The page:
The process of mummification has literally allowed us to see into the past, but a new scientific experiment has provided us with one step closer to meeting the real person!
The voice tract from a 3,000 year old mummy has been artificially restored using CT scans, a 3D-printer and a voice synthesiser. All details were published recently in Scientific Reports.
Most people yet impressed, are confused as to why the scientists who undertook this project would bother doing such a thing. But, as a study co-author John Schofield explained, he and his colleagues simply wanted to see if it could be done, which is a good enough reason as far as we’re concerned.
“We wanted to see whether we could recreate a voice from the past,” Schofield, an archaeologist from the University of York, told Gizmodo. “We did this both to enhance our understanding of the past culture as well as demonstrating that this could be done,” to which he added: “Part of the motivation was also to enhance ways that people can engage with the past, at museums and heritage sites for example.”
Everyone is different, unique dimensions of our vocal tracts generate distinctively different sounds also. So the experiment was carried out by characterising the dimensions of the ancient Egyptian, specifically an Egyptian priest names Nesyamun. Strangely enough, Nesyamun was awarded the epithet “true of voice” when he passed away. The body was wrapped in such a way to preserve the body for its passage to the afterlife. This means that soft tissue survived which included the thoral cavity for this study.
Remarkably, the state of preservation was very good, with the vocal tract retaining enough physical integrity to proceed with the experiment. Data acquired from a non-destructive CT scanner was used to 3D-print a replica of the mummy’s vocal tract. In turn, the vocal tract model was combined with an artificial larynx called the vocal tract organ, which is often used for speech synthesis. This allowed the researchers to reproduce a single vowel-like sound, which in the English language is akin to a sound caught between the words “bed” and “bad.”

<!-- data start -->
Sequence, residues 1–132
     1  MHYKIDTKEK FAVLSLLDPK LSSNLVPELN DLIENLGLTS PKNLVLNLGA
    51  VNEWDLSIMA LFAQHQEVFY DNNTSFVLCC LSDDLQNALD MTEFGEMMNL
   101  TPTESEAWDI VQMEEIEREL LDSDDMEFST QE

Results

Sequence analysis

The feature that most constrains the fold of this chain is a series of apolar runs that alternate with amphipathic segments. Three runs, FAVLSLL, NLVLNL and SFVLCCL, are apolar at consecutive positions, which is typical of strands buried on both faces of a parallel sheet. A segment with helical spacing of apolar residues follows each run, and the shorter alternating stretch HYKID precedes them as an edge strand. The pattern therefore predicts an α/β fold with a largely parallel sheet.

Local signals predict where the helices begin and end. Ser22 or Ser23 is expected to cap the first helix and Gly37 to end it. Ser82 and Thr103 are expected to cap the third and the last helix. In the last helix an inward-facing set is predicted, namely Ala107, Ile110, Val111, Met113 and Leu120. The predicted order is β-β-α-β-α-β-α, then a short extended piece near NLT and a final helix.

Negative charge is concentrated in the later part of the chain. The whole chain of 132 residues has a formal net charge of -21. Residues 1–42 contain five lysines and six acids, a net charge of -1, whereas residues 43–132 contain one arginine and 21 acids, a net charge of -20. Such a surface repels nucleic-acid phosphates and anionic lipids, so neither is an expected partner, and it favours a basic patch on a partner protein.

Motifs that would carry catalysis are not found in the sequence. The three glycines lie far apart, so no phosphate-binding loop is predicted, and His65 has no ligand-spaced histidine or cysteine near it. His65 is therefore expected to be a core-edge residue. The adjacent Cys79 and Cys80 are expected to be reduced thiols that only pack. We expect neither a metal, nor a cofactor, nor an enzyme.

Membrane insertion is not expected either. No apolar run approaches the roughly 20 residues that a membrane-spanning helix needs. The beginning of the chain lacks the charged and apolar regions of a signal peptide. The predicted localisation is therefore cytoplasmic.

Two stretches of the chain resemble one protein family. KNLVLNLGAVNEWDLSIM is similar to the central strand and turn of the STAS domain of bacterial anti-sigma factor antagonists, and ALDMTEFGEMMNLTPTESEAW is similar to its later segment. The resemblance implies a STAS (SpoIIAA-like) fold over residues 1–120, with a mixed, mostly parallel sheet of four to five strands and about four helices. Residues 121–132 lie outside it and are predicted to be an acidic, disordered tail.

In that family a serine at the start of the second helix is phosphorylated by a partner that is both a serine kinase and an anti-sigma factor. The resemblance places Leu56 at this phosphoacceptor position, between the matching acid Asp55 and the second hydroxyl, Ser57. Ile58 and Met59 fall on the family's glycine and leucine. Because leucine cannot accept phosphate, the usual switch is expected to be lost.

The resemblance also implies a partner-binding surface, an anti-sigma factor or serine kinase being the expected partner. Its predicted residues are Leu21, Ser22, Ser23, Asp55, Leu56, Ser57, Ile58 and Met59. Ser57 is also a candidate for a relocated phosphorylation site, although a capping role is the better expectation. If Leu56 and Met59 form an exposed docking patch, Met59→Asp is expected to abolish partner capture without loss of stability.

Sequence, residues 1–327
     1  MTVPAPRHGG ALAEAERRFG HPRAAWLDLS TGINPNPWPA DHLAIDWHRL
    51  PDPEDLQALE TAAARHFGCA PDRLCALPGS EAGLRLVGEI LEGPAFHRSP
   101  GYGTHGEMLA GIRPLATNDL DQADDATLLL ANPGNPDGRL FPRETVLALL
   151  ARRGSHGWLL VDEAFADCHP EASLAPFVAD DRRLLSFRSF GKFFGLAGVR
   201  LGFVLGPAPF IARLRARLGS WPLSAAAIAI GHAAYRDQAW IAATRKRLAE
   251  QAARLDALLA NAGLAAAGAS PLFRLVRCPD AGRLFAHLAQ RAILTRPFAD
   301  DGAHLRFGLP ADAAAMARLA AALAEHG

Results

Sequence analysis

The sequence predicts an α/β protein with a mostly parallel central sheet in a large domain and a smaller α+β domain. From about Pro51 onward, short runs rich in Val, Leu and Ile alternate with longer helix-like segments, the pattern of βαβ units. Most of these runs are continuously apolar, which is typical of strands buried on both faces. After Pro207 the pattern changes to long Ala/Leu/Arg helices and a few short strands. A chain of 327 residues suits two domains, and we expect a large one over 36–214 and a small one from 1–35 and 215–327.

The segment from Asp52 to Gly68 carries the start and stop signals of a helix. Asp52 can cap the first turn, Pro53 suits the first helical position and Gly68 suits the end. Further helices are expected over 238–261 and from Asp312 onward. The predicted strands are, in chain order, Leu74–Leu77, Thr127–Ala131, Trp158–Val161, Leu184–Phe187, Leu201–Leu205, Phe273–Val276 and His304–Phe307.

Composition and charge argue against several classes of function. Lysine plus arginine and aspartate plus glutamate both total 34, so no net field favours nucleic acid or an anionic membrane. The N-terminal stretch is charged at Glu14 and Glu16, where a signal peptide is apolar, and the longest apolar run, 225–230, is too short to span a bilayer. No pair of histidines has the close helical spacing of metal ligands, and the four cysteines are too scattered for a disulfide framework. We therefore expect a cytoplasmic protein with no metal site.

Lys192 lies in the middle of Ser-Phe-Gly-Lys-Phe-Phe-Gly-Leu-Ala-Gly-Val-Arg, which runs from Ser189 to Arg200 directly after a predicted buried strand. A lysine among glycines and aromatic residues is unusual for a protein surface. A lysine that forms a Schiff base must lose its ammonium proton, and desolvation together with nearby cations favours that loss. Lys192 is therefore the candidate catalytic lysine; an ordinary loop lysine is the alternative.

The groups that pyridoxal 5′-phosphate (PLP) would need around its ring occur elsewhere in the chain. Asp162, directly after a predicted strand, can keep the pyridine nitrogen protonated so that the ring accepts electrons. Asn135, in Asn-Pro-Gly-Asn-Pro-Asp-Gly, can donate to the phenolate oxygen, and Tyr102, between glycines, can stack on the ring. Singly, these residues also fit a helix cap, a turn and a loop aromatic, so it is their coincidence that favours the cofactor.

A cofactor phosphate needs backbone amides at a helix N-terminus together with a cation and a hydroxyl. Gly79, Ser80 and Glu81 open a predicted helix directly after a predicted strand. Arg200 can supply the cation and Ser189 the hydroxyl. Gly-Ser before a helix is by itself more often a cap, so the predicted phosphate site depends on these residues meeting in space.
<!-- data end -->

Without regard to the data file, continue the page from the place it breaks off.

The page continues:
This lone vowel sound, to be fair, is rather underwhelming and somewhat unbecoming of an esteemed Egyptian priest. But that’s what the simulation came up with, so who are we to argue?
Only one sound could be reproduced because “the vocal tract has only one shape here – the shape as he lies in his sarcophagus – that produces just one sound,” said Schofield. To create more, “we shall be looking to manipulate that vocal tract shape on the computer to enable other speech-like sounds to be made, and in the future, running speech phrases are potentially possible,” he said.
Indeed, with this proof-of-concept experiment done, the researchers can now look to other possibilities, such as recreating words and even entire sentences. Hopefully they’ll be able to make the mummy sound more sinister, but these early results would suggest otherwise.